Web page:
Cibolo Steele’s Mark
Jackson has the speed
to chase down even
the speediest backs.
“Now guys with long arms who are able to cover a lot of
space are really valuable because it’s a space game,” said Col-
leyville Heritage coach Joe Willis. “For a long time, everything
was kind of built from the inside out. Now I think it’s more of an
The building of a defense might start on the outside, with
defensive backs who can prevent big plays, but the inside guys
are still at the core of a defense’s success. That’s where you’ll
find the defensive tackles, and although they play a position
that is usually less glamorous than the ends, they are critical.
In the golden era of the spread offense, they need to make
more plays than ever.
Before the proliferation of spread offenses, many teams
could get by with defensive tackles who were “hunker down”
kind of guys. They were strong and tough and could battle a
blocker or two so the linebackers could make tackles. But
against spread offenses, which can send as many as six
players into pass patterns, those linebackers have more
responsibilities in pass coverage.
“The linemen we get excited about are not the hunker-down
guys. They can’t just occupy a couple of blockers to keep them
off our linebackers,” Wager said. “Now they’ve got to read and
make plays. They’ve got to make tackles.”
Against the spread offense, every defender needs to be a
playmaker. Some defenses use three down linemen (one tackle
and two ends), while others have four (two tackles and two
ends), so a tackle’s responsibilities vary. But the ideal defensive
tackle is strong enough to hunker down, anchor himself and hold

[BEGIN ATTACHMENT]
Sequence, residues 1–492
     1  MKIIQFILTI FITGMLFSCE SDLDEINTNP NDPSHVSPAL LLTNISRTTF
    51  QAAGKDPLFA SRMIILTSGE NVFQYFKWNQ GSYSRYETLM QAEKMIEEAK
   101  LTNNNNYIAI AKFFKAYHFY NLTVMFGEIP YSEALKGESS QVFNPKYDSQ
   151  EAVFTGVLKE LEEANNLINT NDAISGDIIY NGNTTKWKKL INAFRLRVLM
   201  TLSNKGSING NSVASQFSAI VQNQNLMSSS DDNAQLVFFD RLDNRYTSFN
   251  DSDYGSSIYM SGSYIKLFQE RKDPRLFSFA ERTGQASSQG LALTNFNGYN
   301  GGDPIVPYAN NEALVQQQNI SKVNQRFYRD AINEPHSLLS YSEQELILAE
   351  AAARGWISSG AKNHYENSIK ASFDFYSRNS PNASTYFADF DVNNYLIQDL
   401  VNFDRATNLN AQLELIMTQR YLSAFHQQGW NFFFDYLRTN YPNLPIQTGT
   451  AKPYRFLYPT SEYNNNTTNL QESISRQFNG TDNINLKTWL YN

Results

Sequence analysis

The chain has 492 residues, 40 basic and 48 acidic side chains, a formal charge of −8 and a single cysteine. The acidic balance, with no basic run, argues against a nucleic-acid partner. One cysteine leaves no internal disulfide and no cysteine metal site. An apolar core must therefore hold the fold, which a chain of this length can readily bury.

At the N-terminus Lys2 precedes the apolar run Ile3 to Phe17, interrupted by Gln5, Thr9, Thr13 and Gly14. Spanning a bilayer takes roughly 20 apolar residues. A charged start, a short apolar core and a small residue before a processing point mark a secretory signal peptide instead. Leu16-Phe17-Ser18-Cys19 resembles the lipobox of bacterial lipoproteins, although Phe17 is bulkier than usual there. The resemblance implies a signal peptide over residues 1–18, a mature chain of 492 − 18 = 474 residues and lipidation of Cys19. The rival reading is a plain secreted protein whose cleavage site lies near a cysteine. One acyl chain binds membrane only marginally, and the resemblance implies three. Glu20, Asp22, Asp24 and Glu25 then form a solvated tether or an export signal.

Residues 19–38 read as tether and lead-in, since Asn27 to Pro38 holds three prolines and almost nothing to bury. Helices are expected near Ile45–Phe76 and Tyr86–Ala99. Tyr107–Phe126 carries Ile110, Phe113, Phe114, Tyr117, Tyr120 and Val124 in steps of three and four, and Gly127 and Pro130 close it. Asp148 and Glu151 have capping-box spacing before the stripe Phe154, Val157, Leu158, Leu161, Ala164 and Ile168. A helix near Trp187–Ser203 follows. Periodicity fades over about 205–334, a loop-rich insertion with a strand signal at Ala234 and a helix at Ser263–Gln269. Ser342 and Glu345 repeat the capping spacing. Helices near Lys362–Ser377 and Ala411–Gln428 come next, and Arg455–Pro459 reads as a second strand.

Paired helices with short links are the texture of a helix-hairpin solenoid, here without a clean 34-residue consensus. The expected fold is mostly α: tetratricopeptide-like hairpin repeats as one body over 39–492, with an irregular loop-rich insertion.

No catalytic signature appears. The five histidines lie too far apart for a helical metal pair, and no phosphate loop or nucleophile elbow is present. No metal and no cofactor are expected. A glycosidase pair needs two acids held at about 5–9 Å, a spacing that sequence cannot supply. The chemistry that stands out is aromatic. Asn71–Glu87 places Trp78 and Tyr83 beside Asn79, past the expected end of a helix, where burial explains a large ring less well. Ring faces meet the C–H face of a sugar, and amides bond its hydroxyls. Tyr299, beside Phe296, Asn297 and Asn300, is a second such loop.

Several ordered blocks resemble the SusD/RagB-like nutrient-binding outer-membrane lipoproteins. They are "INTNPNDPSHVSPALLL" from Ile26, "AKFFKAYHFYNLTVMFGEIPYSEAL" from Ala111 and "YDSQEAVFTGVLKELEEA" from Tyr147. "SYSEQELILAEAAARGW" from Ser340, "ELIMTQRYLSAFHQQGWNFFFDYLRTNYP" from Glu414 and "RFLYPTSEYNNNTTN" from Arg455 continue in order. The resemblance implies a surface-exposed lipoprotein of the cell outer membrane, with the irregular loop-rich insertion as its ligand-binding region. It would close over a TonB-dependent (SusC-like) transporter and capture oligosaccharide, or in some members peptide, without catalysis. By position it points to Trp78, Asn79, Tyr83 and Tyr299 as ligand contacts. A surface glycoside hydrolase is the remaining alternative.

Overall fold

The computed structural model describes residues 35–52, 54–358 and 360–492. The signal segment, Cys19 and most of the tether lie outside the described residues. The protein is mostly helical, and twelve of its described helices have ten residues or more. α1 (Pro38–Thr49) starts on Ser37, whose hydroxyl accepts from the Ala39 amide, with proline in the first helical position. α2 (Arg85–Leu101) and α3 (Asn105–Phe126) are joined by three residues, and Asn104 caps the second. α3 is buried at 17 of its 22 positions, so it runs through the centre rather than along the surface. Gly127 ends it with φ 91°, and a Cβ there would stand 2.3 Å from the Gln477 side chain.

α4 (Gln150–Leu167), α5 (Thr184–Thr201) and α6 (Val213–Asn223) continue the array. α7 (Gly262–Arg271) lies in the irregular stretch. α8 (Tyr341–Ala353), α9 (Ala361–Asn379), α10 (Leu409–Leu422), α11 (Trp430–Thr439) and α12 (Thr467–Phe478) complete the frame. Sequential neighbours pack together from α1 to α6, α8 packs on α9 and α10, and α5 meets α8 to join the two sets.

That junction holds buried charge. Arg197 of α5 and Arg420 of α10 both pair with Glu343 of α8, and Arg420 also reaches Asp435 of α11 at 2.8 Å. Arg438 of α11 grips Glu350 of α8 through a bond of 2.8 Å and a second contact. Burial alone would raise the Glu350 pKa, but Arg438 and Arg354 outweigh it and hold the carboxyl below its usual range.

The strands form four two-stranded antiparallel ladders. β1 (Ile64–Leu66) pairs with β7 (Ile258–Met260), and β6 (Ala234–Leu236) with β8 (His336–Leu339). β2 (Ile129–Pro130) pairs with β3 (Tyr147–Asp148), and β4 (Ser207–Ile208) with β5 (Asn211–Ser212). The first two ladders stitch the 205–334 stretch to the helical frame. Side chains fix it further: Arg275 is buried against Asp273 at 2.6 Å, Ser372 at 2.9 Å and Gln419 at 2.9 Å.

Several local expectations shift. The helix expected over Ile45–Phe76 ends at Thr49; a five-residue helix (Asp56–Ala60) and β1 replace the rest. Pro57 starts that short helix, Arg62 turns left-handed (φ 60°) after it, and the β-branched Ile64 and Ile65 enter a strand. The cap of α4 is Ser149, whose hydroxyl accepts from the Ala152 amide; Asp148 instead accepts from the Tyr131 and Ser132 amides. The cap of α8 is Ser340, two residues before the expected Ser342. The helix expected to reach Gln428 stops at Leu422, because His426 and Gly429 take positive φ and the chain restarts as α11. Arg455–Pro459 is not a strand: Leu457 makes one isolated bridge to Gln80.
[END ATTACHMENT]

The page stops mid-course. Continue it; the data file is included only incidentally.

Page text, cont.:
the line of scrimmage even against a double team. He’s also
explosive off the snap and has the athleticism to rush the passer
and can pursue runners and make plays near the sideline.
Daylon Mack, who starred at Gladewater last season and
signed with Texas A&M, could do that despite being more than
300 pounds. This year’s seniors with similar qualities include
Spring Westfield’s Ed Oliver, a 6-2, 280-pound defensive tackle
who last season returned a fumble the length of the field for a
touchdown. Euless Trinity’s Chris Daniels ( 6-4, 300) and Killeen
Shoemaker’s Kendell Jones ( 6-5, 355) also have an explosive
burst that belies their bulk.
Those elite, super-athletic defensive tackles are difficult to
find, of course. They’re so hard to find, Smith said, that colleges
are looking for high school defensive ends that they can
develop into tackles.
Not all high school defensive tackles or defensive ends
can be super athletic, obviously. But what defensive linemen
can control is their fitness, and a different level of fitness is
required in today’s game. The more fit, the more athletic.
“The tempo of the game has changed so much that you’ve
got to be more athletic,” said Cedar Hill coach Joey McGuire.
“It’s not that those guys [from years ago] wouldn’t be able to
play. They’d just have to be in better shape.”
“Tempo” is a football buzzword right now as the no-huddle,
fast-paced offenses spread across the landscape. The pace
can wear down a defense, especially at the high school level,
where most teams don’t have a lot of depth. A team’s best